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Characteristics of Children with Special Needs (see data for this topic)

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Why This Topic Is Important
More than 1 million California children and youth have a need for health care services of a type or amount beyond that required by children generally. Their ongoing health problems—physical, behavioral, or developmental—can affect their ability to function and participate in important educational and social activities. In some cases their health problems can shorten their lives (1). Medical care for children with special health care needs (CSHCN) is often complicated by the co-occurrence of social, emotional, and academic problems (1, 2). Because of the higher caregiving burdens, families of CSHCN tend to experience more stress and difficulties with employment and finances than other families (1, 2).

CSHCN account for more than 40% of all health care costs among children nationwide, despite making up only about 16% of the U.S. child population (1). Though advances in medical care have extended and improved the lives of millions of children, obtaining timely, appropriate, and affordable care remains a problem for many families. More than four in five CSHCN do not receive one or more basic aspects of quality health care, in California and nationally (1). The demographic data provided here can be useful for projecting needs and developing policies to ensure that all CSHCN reach their maximum health potential.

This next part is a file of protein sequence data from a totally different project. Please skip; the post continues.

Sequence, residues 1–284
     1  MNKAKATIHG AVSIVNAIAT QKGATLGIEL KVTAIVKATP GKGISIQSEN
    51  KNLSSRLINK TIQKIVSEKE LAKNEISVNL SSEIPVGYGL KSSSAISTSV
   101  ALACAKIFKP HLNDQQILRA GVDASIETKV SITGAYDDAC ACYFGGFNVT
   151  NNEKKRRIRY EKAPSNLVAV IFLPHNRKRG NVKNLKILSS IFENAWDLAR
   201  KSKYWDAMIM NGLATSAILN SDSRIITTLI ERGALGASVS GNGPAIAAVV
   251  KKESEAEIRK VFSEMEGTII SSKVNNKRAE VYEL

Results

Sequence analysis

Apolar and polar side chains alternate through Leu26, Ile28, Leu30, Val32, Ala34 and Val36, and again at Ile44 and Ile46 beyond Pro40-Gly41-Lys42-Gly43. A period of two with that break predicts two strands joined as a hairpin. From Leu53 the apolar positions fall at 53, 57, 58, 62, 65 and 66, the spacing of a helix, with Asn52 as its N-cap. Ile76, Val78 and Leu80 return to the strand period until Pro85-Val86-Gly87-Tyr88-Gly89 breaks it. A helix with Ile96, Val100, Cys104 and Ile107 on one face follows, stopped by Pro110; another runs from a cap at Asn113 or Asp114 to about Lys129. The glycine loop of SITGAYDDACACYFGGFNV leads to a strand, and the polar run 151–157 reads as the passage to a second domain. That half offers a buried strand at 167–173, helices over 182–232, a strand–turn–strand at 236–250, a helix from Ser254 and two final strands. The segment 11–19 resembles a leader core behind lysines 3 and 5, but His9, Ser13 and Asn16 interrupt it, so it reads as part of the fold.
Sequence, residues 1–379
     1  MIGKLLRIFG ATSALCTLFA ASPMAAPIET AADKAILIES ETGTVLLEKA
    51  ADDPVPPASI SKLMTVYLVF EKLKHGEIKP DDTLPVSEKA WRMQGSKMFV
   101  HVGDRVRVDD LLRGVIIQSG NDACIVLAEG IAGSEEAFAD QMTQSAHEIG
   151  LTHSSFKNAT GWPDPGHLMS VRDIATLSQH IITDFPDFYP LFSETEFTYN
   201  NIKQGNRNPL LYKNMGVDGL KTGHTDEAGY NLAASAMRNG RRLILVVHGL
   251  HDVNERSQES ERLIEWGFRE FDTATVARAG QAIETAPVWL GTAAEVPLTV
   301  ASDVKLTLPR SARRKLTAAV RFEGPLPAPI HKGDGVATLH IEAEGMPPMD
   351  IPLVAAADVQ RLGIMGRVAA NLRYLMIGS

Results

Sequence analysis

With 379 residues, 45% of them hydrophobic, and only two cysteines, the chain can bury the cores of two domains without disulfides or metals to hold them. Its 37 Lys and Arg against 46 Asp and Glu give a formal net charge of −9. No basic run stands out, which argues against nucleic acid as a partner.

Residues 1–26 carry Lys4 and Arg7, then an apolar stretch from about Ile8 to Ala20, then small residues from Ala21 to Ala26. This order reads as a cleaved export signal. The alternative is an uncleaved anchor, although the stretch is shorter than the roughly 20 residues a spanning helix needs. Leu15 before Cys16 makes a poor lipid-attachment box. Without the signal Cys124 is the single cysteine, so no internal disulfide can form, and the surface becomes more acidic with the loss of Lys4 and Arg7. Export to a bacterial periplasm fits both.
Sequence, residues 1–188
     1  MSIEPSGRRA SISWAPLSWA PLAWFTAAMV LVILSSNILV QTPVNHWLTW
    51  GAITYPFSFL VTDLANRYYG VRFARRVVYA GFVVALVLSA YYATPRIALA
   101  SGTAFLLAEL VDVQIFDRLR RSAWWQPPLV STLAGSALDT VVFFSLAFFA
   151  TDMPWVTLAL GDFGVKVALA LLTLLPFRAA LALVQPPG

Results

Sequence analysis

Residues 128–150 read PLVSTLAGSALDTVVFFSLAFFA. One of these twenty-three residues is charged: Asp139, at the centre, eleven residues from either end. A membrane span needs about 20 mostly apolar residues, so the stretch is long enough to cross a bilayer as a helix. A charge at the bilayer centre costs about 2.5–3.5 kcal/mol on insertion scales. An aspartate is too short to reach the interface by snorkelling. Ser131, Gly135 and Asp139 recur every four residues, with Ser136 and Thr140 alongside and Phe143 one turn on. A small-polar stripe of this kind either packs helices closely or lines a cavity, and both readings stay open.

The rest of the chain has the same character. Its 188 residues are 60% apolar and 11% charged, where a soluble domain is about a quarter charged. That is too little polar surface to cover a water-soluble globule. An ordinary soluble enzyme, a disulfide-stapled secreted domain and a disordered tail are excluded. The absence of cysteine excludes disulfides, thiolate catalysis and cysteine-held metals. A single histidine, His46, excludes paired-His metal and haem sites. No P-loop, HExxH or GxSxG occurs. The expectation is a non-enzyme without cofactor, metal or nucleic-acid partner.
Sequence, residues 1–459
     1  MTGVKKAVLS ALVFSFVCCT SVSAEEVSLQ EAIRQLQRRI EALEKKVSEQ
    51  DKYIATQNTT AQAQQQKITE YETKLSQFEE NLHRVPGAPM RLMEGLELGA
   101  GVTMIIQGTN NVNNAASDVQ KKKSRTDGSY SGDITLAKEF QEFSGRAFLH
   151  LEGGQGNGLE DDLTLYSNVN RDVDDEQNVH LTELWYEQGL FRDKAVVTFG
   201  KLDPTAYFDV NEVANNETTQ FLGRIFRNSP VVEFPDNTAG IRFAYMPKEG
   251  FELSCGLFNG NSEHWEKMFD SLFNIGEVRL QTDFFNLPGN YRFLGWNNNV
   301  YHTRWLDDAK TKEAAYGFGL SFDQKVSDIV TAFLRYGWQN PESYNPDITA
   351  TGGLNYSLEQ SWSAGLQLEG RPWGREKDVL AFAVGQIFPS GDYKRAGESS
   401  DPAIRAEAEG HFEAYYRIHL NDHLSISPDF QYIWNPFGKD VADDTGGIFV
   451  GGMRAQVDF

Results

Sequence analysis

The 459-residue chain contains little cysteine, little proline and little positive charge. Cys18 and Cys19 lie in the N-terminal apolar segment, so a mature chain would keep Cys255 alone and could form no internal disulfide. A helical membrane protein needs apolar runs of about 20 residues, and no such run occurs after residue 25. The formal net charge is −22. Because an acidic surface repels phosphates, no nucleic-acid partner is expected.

The majority of children with identified disabilities that potentially interfere with their education receive special education services; the most common condition among children in special education is having a learning disability (3, 4). There are many types of learning disability, which can affect speaking, listening, reading, writing, thinking, and/or computing (4). For some students, though, these conditions go unrecognized and unaddressed (4). Those with learning disabilities tend to have lower rates of high school graduation, college completion, and employment as adults (4).

For more information, see’s Research & Links section and LPFCH's program for Children with Special Health Care Needs.

Sources for this narrative:

1.  Child and Adolescent Health Measurement Initiative. (2013). Children with special health care needs in California: A profile of key issues. Lucile Packard Foundation for Children’s Health. Retrieved from: